Why should I steal blinds?
It's only 1.5BBs, why should I get involved?
Because 1.5BBs is a LOT OF ****ING MONEY!!!
For performing a single blind steal, you can win 1.5BBs (a successful steal equates to 75PTBB/100 which is a silly amount). Of course it won't work every time (nor should you steal at every single opportunity), but even when the blinds defend, you still get to play a pot post-flop with:
- Position (this is huge)
- Post-flop value
So you can often take down an even bigger pot on the flop with a c-bet (more on that later).
Stealing adds a TON to your bottom line.
I ought to say something on that note, about "stealing" with a huge hand. Suppose we are on the button with AA, and we have a fairly aggressive regular in the SB, who 3bets 8% facing a steal, over a decent sample. We have a bit of history, and he's 3bet our steals a few times. We've 4bet his re-steal with A4s once, and he snap-folded. So now we raise and he 3bets. What should we do?
Well, 4betting is bad. I know a lot of you are stuck in auto-4bet-get-it-in mode, but this is a spot where we should be flatting. His 3bet range here is really wide, and he's not prone to shoving over 4bets. Of course he's getting it in with QQ+ and AK here, but 4betting is also folding out a ton of worse hands which we want to keep in the pot. We have position and can play the hand much more profitably post-flop than pre-flop. We can induce huge mistakes post-flop, whereas by 4betting pre-flop we allow him to play much closer to optimally. Range manipulation ftw. Here's an example to illustrate:
Poker Stars $0.25/$0.50 No Limit Hold'em - 8 players
The Official 2+2 Hand Converter Powered By DeucesCracked.com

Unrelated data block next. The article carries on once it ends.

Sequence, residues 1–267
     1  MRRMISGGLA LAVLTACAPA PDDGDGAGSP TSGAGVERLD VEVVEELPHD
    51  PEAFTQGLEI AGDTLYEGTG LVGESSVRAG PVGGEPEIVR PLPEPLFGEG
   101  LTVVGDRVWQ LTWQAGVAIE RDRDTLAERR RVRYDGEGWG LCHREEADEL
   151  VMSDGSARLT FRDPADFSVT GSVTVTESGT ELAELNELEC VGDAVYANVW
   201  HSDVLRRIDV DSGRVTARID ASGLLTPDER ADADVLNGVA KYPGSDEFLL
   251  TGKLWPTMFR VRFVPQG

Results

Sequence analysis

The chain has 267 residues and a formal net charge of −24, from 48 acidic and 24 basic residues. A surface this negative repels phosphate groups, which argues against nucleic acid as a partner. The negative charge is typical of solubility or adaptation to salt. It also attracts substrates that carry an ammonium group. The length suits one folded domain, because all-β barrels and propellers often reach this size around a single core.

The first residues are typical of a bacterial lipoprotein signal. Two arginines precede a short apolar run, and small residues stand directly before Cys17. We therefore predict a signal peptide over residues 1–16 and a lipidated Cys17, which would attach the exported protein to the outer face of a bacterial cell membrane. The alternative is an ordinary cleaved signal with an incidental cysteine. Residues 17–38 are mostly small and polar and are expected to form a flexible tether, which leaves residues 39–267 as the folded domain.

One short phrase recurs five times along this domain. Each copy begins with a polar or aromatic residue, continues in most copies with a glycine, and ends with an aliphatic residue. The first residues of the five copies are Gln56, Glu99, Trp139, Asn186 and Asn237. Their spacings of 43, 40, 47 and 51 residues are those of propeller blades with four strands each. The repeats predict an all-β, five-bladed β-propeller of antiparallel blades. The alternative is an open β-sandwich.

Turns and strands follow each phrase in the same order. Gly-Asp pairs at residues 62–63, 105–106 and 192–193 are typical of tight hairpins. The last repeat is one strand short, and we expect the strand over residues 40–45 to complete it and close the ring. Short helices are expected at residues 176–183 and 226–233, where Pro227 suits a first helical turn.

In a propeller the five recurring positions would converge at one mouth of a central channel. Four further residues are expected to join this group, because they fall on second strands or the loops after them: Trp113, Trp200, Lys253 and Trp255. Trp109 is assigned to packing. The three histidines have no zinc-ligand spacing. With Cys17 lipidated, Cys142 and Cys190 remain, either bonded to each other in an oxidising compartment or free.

Hero (CO): $49.75
Pre Flop: ($0.75) Hero is CO with Kh Ks
4 folds, Hero raises to $1.50, 1 fold, SB calls $1.25, BB raises to $8, Hero calls $6.50, SB calls $6.50
Flop: ($24.00) 3s 3d Qd (3 players)
SB checks, BB checks, Hero bets $16.50, SB raises to $20.15 all in, BB raises to $36.65, Hero raises to $41.75 all in, BB calls $5.10
Turn: ($127.65) 4s (3 players - 2 are all in)
River: ($127.65) 9s (3 players - 2 are all in)
Final Pot: $127.65
Hero shows Kh Ks (two pair, Kings and Threes)
SB mucks Qs Jd
BB shows Ah Qh (two pair, Queens and Threes)
Hero wins $43.20
Hero wins $81.45
Additional history is so situational that I can't really go into much detail about it. However, I will say that some regulars do exceedingly stupid things when in BB vs BTN or BvB situations. I've seen a lot of this (as Goldseraph calls it) "reg spite syndrome" at 50NL, and you should adjust accordingly. If you've seen that someone is going to be making moves more often post-flop and getting it in lighter, you should be willing to either tighten up your steal ranges or to get it in lighter post-flop to counteract their wider ranges. Figure out when they're spewing and take advantage.
What should I steal with?
Late position play is such a personal preference thing, and so situational, that I'm not going to construct exact ranges for you. If you are uncomfortable stealing with 95s, or if you suck direly post-flop, then don't steal with it, that's fine. However, I will give some general guidelines:
- Play really loose from the BTN. Abuse it. Play loose from the CO. Play tighter from the HJ. Hijack is getting towards middle position, and having two players to act behind you makes stealing a lot trickier.